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Religion in Perú

Religion in Perú is also a heritage from the Conquest; For this reason, it is a mainly Catholic country (more than 75% of the population). With Catholicism, since the sixteenth century, expressions of a native religion based on the cult of the Sun, the Pachamama (Mother Earth) and the elements of nature in general have coexisted. Scholars are still not in agreement when deciding whether it is two very different religions in a process of fusion or a parallel of beliefs.

In addition, lately very diverse churches have appeared, in such a way that we can affirm that the Peruvian population is still very religious and that the percentage of declared atheists and agnostics is very low. We have, for example, Protestant churches fruit of the work of North American and European missionaries. Likewise, Jehovah’s Witnesses, Mormons, Adventists, Buddhists, Muslims, Hindus, Hare Khrishnas, etc.

Modern-day religions have also emerged, such as the Peruvian group Israelitas del Nuevo Pacto (which has the particularity of always participating in political elections), the New Era Movement (which has the characteristic of merging religion, philosophy, traditional customs, etc.) and other groups that have been responding to the need of people to fill the gaps that the last century has left in people.

Religious activity in Peru is important, considering that, for many people, one of the “energy centers” of the world is precisely in the city of Cusco.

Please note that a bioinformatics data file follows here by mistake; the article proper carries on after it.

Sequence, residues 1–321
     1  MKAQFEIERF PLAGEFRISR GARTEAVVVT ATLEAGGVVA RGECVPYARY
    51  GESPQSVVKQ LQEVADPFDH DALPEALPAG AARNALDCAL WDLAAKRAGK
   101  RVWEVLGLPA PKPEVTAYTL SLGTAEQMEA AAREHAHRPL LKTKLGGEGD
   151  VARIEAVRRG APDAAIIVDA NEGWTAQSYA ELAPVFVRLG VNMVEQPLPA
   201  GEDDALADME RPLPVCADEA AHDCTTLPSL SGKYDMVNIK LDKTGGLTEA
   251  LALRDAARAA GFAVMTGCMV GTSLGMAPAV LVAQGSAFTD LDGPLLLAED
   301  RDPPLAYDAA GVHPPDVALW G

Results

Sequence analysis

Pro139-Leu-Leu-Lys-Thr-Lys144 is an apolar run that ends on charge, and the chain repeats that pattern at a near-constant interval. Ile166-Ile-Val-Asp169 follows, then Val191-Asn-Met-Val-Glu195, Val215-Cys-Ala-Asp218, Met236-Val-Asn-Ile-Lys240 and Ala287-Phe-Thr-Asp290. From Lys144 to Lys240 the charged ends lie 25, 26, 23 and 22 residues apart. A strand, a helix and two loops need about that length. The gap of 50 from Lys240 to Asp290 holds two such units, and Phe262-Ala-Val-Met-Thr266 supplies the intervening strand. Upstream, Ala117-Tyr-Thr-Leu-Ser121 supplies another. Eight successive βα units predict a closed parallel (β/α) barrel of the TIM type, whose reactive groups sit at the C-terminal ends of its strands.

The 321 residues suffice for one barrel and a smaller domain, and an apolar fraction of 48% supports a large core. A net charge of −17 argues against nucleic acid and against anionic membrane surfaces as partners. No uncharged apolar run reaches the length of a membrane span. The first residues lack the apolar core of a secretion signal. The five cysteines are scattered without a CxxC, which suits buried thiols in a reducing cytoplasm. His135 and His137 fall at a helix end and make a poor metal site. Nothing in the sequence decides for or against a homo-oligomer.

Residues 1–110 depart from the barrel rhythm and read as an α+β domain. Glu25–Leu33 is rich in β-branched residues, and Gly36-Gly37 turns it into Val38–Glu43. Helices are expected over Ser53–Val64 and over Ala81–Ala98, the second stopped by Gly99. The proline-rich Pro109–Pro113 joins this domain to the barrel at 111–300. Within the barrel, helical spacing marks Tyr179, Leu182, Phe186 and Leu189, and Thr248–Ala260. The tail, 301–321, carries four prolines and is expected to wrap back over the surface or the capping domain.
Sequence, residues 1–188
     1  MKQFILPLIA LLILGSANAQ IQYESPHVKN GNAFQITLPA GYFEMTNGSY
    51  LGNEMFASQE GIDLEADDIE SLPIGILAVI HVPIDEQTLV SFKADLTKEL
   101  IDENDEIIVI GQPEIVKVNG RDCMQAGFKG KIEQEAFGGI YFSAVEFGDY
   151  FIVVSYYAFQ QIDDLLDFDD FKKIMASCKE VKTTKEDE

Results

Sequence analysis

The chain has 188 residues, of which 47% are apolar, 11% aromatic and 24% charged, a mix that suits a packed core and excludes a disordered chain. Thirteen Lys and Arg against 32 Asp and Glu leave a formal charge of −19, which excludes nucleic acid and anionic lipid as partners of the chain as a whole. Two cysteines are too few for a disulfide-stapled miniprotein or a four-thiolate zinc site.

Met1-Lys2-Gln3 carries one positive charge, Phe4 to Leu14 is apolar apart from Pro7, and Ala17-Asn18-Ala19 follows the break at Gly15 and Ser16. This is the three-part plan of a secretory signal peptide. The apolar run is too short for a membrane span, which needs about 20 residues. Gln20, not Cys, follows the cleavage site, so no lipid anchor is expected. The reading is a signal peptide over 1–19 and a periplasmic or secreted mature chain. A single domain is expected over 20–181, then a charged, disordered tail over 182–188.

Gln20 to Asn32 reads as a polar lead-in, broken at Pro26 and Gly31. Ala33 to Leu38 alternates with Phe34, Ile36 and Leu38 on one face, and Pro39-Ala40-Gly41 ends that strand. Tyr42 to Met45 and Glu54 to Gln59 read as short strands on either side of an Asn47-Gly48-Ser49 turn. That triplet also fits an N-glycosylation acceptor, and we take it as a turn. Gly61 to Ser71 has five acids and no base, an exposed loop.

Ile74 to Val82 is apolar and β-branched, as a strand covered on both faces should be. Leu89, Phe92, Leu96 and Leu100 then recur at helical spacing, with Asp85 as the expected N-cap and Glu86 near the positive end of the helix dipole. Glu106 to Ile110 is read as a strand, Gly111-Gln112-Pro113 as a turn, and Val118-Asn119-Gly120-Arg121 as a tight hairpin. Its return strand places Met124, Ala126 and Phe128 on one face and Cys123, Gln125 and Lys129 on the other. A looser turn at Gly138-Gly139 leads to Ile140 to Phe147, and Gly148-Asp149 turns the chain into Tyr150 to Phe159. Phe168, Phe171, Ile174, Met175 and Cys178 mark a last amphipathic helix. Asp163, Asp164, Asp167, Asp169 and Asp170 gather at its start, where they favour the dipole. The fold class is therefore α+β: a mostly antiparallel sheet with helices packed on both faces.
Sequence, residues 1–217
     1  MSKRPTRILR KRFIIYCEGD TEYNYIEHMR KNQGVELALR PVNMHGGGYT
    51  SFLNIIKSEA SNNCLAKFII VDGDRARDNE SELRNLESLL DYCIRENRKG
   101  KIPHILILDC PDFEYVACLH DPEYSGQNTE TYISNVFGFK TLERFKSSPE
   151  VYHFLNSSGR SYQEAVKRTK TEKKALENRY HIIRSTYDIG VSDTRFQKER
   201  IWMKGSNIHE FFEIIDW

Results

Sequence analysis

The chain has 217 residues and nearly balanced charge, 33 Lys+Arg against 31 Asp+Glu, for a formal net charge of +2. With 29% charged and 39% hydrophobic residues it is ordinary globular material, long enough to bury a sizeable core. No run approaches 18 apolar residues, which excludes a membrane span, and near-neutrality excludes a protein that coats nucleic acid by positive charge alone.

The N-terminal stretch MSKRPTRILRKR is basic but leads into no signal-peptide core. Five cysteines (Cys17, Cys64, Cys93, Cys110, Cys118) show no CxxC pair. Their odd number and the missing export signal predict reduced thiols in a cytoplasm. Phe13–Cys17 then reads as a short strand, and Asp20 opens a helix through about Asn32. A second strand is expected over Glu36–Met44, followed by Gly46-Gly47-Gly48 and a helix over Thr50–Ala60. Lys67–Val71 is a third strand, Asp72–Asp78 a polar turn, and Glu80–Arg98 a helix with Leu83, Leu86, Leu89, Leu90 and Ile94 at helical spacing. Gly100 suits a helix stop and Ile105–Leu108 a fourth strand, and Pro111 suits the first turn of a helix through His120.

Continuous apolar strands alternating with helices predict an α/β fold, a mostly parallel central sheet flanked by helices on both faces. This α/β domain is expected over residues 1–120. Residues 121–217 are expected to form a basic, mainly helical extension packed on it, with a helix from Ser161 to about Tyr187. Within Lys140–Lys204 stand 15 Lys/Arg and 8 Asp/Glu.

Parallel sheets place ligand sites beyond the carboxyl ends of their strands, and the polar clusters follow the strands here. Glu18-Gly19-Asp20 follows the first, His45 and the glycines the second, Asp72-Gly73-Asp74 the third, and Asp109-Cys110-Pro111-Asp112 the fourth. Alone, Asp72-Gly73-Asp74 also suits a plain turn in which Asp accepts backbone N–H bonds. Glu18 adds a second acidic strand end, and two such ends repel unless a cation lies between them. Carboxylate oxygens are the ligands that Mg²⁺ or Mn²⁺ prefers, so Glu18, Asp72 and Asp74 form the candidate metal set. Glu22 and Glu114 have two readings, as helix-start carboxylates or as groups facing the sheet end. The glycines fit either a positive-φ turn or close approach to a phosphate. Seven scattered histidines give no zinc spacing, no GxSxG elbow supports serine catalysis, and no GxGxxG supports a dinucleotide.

In Peru, 96%, a very high percentage of the population, declare themselves believers. 93.8% of the country’s population practice Christianity, thus it is the religion most followed by its population.

In recent years the percentage of believers has decreased, from 96.9% to 96%. As for Christianity, it has also declined, in the previous survey 96% professed it and according to the latest data, 93.8% of the population profess it.

As a visitor to a foreign country, it is important to understand the religious norms of the host society. Peruvians, in general, are quite tolerant when it comes to religion, perhaps in part due to the country’s history.

Pre-colonial religious beliefs and traditions. mainly those of the Incas, they are still recognized and respected … if they are not widely practiced. The Inca gods are still known to many Peruvians, but their place in the religious perspective of the nation has been replaced by Catholicism.

Only Catholicism is directly mentioned in the 1993 Peruvian Constitution, but alternative beliefs and religious freedom are recognized. According to article 50 of the Constitution, the following is true.

Religion in Perú: Statistics

The National Census of Peru, completed in 2007, provides information on the religious attitude of the nation. The following statistics are for Peruvians aged 12 and over, totaling 20,850,502 (Peru has a total population of 29,248,943):

  • Catholics: 16,956,722 (81.3%)
  • Christian / Evangelical: 2,606,055 (12.5%)
  • Others: 679,291 (3.3%)
  • None: 608,434 (2.9%)


Catholicism is clearly the dominant religion, despite a 7.7% decline since the previous 1993 census. Interestingly, Catholicism is more dominant in urban areas (82%) than in rural areas (77.9%). In rural Peru, evangelical and non-evangelical Christians are more common (15.9% compared to 11.5% in urban areas).